Three Indispensable Tools
When pros write about cameras, lenses, tripods and the other “big guns” of photography, we often ignore the finer elements of the game. By that I mean the tiny things that can often make difference between a successful photo outing and failure, or perhaps an easier shooting session rather than a frustrating one.
I was out on a shoot and when I reached for one of my must-have tools, it occurred to me to write about a few that I could not do without.
First up on my list of indispensable tools is the venerable multi-tool. I’m not quite sure how other photographers do without one, but you’ll never see me out photographing without one attached to my belt.
I personally prefer the Gerber multi-tools, although Leatherman makes fine ones also. I find that Gerber has better blades, but that could just be my bias. In either case a multi-tool is to a photographer what a hammer is to a carpenter… sort of.
What I feel is most essential in the multi-tool is are the pliers. I use these frequently, for stuck filters, to bend a piece of metal for a jerry-rigged solution, or to fix a broken rain parka zipper. A knife is always handy, as is a screwdriver.
The Gerber Crucial is the one I like the best right now, although there are so many styles you should search Amazon for one you prefer. Notice that the Gerber that I use has a built-in carabiner (see next critical tool, below).
One tip about multi-tools. You have to put it in your checked luggage, of course. For many years I had them “lifted” from my baggage at some point in the baggage handling routine, and always in foreign airports. I literally went through 6 of these tools in the space of three years. I now pack them in a small lockable pouch made by PacSafe and have not had any thefts in at least 2 years. In any event, you’ve been warned.
Stupid as it sounds, these $2USD “tools” can be really helpful. I typically carry a good half-dozen with me on any photo shoot. One stays constantly hanging from my tripod hook underneath the bullhead platform. I use it whenever I need extra mass, such as on windy days. In that case I just remove my backpack and hang it from the carabiner. You would be shocked at how it minimizes camera shake in wind. At other times I place rocks in a mesh bag that I have in my backpack and use that to stabilize the tripod.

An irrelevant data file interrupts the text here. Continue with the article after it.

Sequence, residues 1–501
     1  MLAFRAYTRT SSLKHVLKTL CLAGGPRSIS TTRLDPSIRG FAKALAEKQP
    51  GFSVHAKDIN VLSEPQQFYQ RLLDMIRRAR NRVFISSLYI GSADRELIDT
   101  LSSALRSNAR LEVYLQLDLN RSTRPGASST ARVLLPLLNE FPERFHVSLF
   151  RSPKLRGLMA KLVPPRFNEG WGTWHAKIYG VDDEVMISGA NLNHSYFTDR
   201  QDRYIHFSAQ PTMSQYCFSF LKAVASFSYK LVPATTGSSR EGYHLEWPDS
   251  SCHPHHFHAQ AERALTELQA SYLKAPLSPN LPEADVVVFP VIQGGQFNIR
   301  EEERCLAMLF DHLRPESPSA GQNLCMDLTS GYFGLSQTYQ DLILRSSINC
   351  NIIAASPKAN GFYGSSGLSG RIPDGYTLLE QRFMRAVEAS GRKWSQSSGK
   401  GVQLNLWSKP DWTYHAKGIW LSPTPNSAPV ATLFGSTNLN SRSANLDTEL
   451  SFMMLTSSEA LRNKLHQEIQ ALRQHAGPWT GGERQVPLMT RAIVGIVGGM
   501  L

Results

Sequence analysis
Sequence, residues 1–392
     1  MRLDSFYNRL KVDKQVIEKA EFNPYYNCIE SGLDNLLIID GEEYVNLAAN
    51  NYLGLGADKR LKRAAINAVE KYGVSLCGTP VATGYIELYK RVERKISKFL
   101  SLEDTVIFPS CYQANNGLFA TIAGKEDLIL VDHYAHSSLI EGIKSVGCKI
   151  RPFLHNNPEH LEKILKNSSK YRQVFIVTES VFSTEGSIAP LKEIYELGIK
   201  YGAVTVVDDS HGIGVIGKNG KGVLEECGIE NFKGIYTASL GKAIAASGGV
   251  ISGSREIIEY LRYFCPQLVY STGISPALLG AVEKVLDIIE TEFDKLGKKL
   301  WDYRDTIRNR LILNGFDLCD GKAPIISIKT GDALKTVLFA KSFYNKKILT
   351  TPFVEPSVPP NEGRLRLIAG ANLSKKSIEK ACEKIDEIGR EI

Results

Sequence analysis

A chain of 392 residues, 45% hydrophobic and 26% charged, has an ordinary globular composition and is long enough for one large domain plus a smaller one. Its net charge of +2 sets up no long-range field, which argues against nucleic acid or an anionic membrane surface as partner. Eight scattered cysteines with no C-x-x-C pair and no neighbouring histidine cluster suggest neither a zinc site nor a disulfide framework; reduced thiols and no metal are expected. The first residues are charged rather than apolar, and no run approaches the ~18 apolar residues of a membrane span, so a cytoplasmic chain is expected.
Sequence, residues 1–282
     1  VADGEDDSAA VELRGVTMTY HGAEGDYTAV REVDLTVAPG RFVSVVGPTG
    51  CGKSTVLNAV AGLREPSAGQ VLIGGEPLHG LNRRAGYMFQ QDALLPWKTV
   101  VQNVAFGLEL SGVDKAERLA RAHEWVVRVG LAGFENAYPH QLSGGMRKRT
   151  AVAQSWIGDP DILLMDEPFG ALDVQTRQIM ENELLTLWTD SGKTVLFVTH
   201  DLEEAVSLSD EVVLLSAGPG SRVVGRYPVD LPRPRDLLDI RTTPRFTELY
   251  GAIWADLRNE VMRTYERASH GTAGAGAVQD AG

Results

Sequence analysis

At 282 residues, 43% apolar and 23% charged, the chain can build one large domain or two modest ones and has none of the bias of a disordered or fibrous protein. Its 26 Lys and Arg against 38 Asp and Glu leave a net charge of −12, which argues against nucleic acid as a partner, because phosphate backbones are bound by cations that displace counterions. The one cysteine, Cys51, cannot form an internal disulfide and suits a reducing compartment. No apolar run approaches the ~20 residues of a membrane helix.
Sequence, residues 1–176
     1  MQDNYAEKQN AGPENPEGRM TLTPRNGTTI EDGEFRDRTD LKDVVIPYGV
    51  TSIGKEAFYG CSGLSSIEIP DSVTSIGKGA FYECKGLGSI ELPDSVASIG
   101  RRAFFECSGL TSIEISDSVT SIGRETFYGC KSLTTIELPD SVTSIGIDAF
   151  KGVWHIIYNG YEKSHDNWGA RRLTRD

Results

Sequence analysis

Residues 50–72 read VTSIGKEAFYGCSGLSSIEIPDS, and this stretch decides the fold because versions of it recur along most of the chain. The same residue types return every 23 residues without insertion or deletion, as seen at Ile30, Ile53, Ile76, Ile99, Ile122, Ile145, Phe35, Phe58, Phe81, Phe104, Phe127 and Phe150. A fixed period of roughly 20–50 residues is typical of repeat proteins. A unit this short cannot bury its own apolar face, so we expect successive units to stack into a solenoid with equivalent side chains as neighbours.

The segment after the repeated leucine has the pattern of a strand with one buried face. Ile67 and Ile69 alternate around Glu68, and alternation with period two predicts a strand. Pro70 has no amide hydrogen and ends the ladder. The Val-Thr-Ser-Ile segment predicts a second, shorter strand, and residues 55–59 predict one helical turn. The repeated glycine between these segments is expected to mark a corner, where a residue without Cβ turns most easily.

Nice you won’t be using your carabiners to hang from a rock face 2,000 feet off the ground, you won’t have to buy expensive carabiners. I have been switching lately from the typical “D”-shaped carabiners to “S”-shaped. I find that having a dedicated slot for each half avoids entanglements, making it easier to slip items on and off.
I also have two carabiners hanging from the front straps of my backpack. I clip my bear spray, water, or my GPS device to them. I also use them on my belt to carry miscellaneous items. I have even used larger carabiners to piggyback two pieces of luggage together. Gotta love them!
The last tool that I’ll mention here is my camera screen viewing loupe. It is the one tool that I can honestly say that I cannot be without… ever. Period. As my eyesight has degraded over the years, I need glasses to read or see anything close-up. But even my reading glasses do not allow me to magnify the images to the degree I need to carefully assess a scene. Yes, I could use the built-in magnifier button on my camera screen, but then I can only examine one small section at a time, and moving around the scene is a pain, especially when you are racing the seconds at sunrise or sunset.
My loupe, on the other hand, covers the entire screen. I adjust the built-in diopter for my eyesight and it magnifies the entire image at once. I can check for exposure, density, and focus without even going to the histogram. Plus, the loupe is critical when shooting in bright light, especially bright side light, as it covers the scree entirely and blocks out ambient light.
I happen to use the loupe made by Hoodman USA. I hang it from my neck using a lanyard, or from my belt (did I mention carabiners?). I understand that there are now imitators on the market, but I cannot speak for their products. All I know is that Hoodman makes a quality loupe that I have been using for many years. Make sure you order the correct one for your camera brand.
That’s it for three of my favorite items. What’s in your camera bag? Please leave a comment indicating your favorite “tools.”